New Orleans Day Trip (part 3)
New Orleans Day Trip (part 3)
This was the stinkiest part of our day. You might be surprised at that considering we were in the French Quarter of New Orleans where the streets and sidewalks are never clean. I did see a guy empty a trash can at the French Market.
I happened to visit New Orleans in July, 2005 before Hurricane Katrina hit in September.
I didn’t come back until July, 2015. On this second trip, one of my crew had never been, so we rented a car and drove over. (In their infinite wisdom, my little airline will contract rooms with a hotel located right beside the airport or in an industrial park. We often find ourselves on 16-18 hour layovers stuck 30-45 minutes away from anything. To be fair, there are a few in good locations, but not many.)
I guess, even though 10 years had passed, I expected to see it spruced up a bit. After the devastation of Katrina, I thought there would be more evidence of newer construction and a little bit cleaner. Maybe in other areas, but from what I could tell, not in the French Quarter. It was just as beat up and dirty as ever.
We ate lunch in a courtyard with mini-lights strung from the surrounding balconies and ivy cascading from planters which was quaint and very New Orleans-y. He paid $15 for a six ounce fruit punch and vodka drink.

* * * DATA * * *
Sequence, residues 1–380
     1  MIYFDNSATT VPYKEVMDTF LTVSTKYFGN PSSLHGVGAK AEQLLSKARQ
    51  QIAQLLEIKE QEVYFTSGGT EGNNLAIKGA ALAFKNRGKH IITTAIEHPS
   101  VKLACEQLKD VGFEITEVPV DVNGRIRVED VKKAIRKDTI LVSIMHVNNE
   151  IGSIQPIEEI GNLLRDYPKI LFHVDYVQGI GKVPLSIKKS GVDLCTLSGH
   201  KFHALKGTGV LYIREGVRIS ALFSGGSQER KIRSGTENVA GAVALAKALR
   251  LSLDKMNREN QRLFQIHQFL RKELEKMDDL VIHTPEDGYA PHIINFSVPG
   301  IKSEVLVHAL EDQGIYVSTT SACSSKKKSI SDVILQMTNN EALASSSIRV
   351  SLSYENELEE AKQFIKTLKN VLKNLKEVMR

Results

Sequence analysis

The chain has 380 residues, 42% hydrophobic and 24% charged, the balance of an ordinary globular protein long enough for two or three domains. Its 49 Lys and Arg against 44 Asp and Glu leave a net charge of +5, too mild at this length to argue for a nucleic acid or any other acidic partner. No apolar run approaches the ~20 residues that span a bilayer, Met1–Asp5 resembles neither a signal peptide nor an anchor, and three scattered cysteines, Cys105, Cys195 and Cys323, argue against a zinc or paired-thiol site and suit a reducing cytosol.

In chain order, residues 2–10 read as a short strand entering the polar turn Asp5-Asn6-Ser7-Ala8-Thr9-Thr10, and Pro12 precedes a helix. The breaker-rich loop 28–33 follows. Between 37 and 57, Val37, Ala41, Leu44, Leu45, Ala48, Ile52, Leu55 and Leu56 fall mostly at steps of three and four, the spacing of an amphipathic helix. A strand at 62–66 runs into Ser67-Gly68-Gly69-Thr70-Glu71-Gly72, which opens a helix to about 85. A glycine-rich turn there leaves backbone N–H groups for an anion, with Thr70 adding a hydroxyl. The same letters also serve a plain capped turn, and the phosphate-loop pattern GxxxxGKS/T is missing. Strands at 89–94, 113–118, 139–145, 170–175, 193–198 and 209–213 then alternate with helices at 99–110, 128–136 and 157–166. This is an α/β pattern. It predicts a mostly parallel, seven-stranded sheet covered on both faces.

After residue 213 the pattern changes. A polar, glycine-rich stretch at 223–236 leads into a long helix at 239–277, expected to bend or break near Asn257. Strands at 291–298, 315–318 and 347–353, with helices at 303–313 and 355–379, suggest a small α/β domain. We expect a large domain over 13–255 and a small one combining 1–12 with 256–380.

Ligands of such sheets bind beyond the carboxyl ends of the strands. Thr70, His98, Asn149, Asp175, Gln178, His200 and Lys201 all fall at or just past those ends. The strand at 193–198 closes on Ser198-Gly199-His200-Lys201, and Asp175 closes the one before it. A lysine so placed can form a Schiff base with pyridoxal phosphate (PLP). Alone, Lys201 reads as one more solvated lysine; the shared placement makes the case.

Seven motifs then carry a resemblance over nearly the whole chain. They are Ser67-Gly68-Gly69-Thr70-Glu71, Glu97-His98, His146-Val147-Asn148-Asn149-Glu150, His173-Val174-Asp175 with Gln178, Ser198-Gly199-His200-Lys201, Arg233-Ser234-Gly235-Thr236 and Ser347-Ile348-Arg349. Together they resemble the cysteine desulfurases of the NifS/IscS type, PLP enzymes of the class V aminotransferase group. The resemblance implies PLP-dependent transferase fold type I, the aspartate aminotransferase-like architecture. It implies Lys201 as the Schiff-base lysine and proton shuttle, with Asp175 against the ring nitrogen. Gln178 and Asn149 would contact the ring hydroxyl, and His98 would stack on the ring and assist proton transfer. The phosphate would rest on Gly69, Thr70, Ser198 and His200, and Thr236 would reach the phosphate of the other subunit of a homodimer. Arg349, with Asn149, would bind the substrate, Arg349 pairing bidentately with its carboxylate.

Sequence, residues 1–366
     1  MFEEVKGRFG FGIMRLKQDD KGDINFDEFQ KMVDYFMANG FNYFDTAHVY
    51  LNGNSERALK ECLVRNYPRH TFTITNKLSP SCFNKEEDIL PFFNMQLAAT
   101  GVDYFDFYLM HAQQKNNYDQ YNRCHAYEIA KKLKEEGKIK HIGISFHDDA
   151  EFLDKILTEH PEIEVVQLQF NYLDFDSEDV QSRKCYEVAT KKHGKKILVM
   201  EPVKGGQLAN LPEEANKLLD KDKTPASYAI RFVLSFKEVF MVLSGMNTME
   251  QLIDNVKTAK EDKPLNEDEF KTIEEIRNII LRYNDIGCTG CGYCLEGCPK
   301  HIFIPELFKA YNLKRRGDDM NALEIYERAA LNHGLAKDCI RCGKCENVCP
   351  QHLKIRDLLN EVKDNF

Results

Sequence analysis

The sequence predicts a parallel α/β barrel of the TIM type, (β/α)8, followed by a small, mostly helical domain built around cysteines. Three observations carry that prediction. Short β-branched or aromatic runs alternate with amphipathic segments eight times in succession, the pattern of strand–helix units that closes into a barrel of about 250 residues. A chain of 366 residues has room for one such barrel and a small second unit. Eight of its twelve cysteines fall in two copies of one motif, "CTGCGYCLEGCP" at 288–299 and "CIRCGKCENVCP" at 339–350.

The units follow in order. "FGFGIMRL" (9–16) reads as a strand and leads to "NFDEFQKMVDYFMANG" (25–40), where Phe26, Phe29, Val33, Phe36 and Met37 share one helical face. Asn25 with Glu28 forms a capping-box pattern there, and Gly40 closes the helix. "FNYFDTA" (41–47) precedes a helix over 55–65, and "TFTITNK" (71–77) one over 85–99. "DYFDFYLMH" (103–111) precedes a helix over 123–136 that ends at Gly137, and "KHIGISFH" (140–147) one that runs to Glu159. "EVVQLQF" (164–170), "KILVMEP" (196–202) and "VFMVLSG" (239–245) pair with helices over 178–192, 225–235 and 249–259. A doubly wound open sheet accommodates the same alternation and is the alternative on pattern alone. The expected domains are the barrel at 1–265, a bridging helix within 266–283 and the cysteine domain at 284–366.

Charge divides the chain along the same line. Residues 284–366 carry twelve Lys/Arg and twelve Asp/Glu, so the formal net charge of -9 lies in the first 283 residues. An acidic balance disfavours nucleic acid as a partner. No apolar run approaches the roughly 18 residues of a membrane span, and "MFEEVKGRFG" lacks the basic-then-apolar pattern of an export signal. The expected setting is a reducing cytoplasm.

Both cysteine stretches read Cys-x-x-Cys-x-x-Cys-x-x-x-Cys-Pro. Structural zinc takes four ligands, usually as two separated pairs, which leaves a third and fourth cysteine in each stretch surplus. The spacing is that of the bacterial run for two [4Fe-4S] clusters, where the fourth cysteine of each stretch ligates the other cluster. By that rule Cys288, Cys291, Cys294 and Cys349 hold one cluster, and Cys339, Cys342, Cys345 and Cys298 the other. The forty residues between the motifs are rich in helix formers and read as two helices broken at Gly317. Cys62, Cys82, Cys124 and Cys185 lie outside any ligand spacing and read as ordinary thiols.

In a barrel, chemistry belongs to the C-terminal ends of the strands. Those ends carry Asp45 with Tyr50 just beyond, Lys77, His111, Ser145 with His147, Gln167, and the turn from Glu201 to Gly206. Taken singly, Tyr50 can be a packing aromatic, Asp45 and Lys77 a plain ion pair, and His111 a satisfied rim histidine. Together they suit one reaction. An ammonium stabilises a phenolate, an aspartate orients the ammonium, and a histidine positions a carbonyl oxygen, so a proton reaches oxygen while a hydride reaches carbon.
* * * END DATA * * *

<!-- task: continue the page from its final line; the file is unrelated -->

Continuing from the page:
I think he’d expected something more along the lines of a Disney World type of place. Restaurants, bars, and shops without the rides.
He was a tad underwhelmed.
Now, on this third trip, we’d all been here before. We expected to see freaks and fairies. And we weren’t disappointed.
I’ve learned to keep my cell phone’s camera ready. Pretty Shoulders was kind enough to share some of her pics with me.
The FO (first officer) suggested we go to this cigar factory. He said you can watch them hand roll their cigars. So we went.
And they do just that.
Here you see the torcedore (the guy in red, a.k.a. cigar roller) roll tobacco leaves in their familiar shape, then place each raw cigar in the slots you see in the tray at the bottom. Evidently, you start with lesser quality leaves for the center and follow with a higher quality leaf.
That tray is called a mold where the unfinished cigars are pressed for several days.
Next comes, I’m told, one of the hardest steps. The cigar is removed from the mold. A top quality tobacco leaf is cut to fit and spiral-wrapped around the cigar. The ends are trimmed and it’s sealed with a vegetable paste.
I think it is worth noting, a woman is in charge of this step. (We do the hard stuff.) These are Cosmo people. Did you notice her French pedi?
It gets a final label band before being boxed and stored in a room called a humidor where it will be aged for several months at the perfect temperature and moisture level before it’s ready to sell.
My crew had a blast. I’d show you a their goofy picture blowing smoke, but they’re shy. As a non-smoker, I found this highly and pointlessly entertaining.
Until next time. Be sweet.